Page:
Paul Masters

Paul Masters, Ph.D.

Molecular Genetics of Coronaviruses
Associate Professor, School of Public Health, Biomedical Sciences
A.B., Chemistry, 1975, Cornell University
Ph.D., Biochemistry, 1981, Brandeis University
Postdoctoral Associate, 1981-1984, Department of Biological Sciences, University of California, Santa Barbara
Postdoctoral Fellow, 1984-1987, Department of Cell Biology, Roche Institute of Molecular Biology

Research Interests

Our laboratory studies the molecular biology of coronaviruses, a family of enveloped RNA viruses that cause respiratory, enteric, and neurologic diseases in mammalian and avian hosts. In humans, four endemic coronaviruses are responsible for highly prevalent upper respiratory tract infections. A fifth human coronavirus is the causative agent of severe acute respiratory syndrome (SARS), which emerged from animal reservoirs in 2002 and was eradicated from the human population in 2003. A sixth human coronavirus, discovered in 2012, sporadically crosses the species barrier from a camel reservoir and is the cause of an ongoing, but geographically confined, epidemic called Middle East respiratory syndrome (MERS). Most notably, the seventh human coronavirus, SARS-CoV-2, recently crossed into humans and has caused the pandemic disease COVID-19.

Coronaviruses exhibit many intriguing biological properties, including (generally) a high degree of host and tissue specificity. At the molecular level, these viruses employ a variety of unusual strategies to accomplish a complex program of gene expression. The genomes of coronaviruses are the largest of all the RNA viruses and are among the largest mature RNA molecules known to biology. This has made their genetic manipulation exceptionally difficult.

We developed the earliest reverse genetic system for coronaviruses, using the prototype coronavirus mouse hepatitis virus (MHV). This method transduces targeted site-specific mutations into the MHV genome via recombination with synthetic RNA introduced into infected cells. Coupled with a powerful host-range-based selection system, targeted RNA recombination is a robust and versatile technique. Subsequently, full-length coronavirus cDNA systems also became available, allowing reverse-genetic access to the viral replicase gene.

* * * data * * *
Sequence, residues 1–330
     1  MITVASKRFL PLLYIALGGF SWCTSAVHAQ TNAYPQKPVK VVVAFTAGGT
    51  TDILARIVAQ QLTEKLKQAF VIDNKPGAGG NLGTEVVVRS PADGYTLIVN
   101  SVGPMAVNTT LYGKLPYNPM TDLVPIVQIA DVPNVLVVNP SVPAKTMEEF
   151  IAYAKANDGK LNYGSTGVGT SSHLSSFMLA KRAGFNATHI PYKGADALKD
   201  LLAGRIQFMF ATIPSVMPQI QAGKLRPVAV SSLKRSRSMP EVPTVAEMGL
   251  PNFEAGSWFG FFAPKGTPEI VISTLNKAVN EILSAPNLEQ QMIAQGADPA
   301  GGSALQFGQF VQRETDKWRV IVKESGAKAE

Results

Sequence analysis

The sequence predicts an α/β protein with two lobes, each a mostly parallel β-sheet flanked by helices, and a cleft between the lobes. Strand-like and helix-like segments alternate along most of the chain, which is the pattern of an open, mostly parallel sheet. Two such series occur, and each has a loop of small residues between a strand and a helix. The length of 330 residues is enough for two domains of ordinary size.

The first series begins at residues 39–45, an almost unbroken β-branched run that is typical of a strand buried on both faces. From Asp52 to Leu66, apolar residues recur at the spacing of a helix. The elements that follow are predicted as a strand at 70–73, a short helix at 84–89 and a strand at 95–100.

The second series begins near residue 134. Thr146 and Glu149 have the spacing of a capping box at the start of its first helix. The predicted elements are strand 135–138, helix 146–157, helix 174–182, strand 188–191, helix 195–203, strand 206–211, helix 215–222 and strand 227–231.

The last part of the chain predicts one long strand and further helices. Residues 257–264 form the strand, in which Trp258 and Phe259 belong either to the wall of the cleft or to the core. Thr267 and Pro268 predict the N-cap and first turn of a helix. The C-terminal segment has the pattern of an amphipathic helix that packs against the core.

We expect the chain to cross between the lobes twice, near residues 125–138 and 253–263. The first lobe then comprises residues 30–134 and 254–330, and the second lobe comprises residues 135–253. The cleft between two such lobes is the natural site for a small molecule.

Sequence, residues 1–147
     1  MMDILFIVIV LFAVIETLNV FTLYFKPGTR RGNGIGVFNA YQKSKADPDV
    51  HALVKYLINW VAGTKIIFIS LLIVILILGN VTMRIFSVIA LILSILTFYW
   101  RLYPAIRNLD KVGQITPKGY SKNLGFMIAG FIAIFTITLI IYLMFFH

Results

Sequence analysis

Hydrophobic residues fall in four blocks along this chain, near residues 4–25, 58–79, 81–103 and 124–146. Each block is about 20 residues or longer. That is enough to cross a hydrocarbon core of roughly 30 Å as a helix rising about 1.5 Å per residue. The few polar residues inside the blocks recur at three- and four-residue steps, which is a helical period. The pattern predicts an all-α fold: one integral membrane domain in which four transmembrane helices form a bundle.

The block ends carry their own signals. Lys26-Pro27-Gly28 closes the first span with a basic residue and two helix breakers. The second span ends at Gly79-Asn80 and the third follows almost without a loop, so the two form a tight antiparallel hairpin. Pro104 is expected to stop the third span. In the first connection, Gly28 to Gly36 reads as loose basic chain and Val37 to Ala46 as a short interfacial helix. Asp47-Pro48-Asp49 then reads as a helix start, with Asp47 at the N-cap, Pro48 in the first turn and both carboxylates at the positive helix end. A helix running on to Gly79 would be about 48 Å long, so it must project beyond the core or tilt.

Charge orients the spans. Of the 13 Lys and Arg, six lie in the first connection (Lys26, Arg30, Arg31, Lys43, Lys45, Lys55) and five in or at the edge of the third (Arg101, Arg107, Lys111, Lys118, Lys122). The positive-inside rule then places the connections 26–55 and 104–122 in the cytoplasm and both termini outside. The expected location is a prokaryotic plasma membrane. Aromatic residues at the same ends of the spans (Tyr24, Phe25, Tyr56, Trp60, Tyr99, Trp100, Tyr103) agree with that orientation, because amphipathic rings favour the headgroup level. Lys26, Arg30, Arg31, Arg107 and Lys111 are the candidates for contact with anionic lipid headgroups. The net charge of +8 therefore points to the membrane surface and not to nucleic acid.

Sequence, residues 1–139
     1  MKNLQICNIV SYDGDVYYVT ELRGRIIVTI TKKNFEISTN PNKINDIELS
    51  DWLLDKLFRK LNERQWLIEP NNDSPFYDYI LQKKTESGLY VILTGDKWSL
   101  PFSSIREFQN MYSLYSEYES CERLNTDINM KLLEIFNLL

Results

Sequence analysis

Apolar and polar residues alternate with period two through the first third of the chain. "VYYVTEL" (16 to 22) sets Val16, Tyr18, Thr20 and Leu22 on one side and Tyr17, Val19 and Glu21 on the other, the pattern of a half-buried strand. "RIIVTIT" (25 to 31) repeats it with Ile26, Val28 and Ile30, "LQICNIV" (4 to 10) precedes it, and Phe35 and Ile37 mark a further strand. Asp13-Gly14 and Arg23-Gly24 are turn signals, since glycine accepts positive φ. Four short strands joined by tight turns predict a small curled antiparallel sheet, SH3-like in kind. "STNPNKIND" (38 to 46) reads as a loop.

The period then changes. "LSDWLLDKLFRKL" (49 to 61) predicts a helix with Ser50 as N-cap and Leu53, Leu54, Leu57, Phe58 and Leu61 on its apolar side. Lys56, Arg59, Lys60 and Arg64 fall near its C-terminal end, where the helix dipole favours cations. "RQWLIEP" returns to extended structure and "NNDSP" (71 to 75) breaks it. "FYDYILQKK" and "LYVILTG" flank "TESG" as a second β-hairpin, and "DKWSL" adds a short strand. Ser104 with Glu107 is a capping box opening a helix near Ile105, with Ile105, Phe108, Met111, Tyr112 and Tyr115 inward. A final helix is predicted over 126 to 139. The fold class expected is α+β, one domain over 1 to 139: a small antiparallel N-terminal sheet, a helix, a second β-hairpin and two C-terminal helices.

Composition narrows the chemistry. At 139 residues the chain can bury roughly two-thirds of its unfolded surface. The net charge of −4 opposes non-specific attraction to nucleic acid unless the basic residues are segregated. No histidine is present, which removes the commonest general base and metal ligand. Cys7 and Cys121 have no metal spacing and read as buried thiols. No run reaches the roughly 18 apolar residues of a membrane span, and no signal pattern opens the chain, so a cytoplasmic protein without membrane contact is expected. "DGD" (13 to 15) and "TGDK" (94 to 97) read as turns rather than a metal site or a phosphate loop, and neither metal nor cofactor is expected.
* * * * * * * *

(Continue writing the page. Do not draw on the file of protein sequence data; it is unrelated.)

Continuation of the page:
Genetic, biochemical, and molecular biological analyses of many mutants we have constructed have revealed formerly unknown details of the network of assembly interactions that are required for coronavirus morphogenesis. Other investigations have uncovered and characterized cis-acting RNA elements in the viral genome that play critical roles in the complex mechanism of transcription and RNA replication. Most recently, our work has focused on the coronavirus genomic RNA packaging signal and the virion protein components responsible for its recognition. Our long-term goal has been to provide basic insights into the coronavirus life cycle that can identify prospective targets for antiviral chemotherapy and enable strategies to optimally manipulate these infectious agents for vaccine design.

Select Publications
Koetzner CA, Hurst-Hess KR, Kuo L, Masters PS. Analysis of a crucial interaction between the coronavirus nucleocapsid protein and the major membrane-bound subunit of the viral replicase-transcriptase complex. Virology. 2022; Feb (567): 1-14. DOI: 10.1016/j.virol.2021.12.004
Perlman S and Masters PS. Chapter 10: Coronaviridae: the viruses and their replication. Wolters Kluwer, Philadelphia. Fields Virology. 2020; Seventh Ed (Knipe DM, Howley PM and Whelan SP eds): 410-448.
Masters PS. Coronavirus genomic RNA packaging. Virology. 2019; Nov (537): 198-207. DOI: 10.1016/j.virol.2019.08.031
Kuo L, Koetzner CA, Masters PS. A key role for the carboxy-terminal tail of the murine coronavirus nucleocapsid protein in coordination of genome packaging. Virology. 2016; Jul (494): 100-107. DOI: 10.1016/j.virol.2016.04.009
Kuo L, Hurst-Hess KR, Koetzner CA, Masters PS. Analyses of Coronavirus Assembly Interactions with Interspecies Membrane and Nucleocapsid Protein Chimeras. J Virol. 2016; 90 (9): 4357-4368. DOI: 10.1128/JVI.03212-15
Hurst-Hess KR, Kuo L, Masters PS. Dissection of amino-terminal functional domains of murine coronavirus nonstructural protein 3. J Virol. 2015; 89 (11): 6033-6047. DOI: 10.1128/JVI.00197-15
Kuo L, Koetzner CA, Hurst KR, Masters PS. Recognition of the murine coronavirus genomic RNA packaging signal depends on the second RNA-binding domain of the nucleocapsid protein. J Virol. 2014; 88 (8): 4451-4465. DOI: 10.1128/JVI.03866-13
Kuo L, Masters PS. Functional Analysis of the Murine Coronavirus Genomic RNA Packaging Signal. J Virol. 2013; 87 (9): 5182-5192. DOI: 10.1128/JVI.00100-13
Hurst KR, Koetzner CA, Masters PS. Characterization of a critical interaction between the coronavirus nucleocapsid protein and nonstructural protein 3 of the viral replicase-transcriptase complex. J Virol. 2013; 87 (16): 9159-9172. DOI: 10.1128/JVI.01275-13